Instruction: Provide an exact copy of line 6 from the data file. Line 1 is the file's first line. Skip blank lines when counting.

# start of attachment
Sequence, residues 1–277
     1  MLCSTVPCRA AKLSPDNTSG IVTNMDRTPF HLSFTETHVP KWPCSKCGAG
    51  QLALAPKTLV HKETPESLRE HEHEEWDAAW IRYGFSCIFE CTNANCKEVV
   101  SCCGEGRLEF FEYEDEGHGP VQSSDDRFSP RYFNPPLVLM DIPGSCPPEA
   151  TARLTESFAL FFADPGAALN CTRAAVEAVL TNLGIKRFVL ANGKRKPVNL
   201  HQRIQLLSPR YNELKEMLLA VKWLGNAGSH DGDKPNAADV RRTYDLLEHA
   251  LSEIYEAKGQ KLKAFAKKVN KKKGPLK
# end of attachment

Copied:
   201  HQRIQLLSPR YNELKEMLLA VKWLGNAGSH DGDKPNAADV RRTYDLLEHA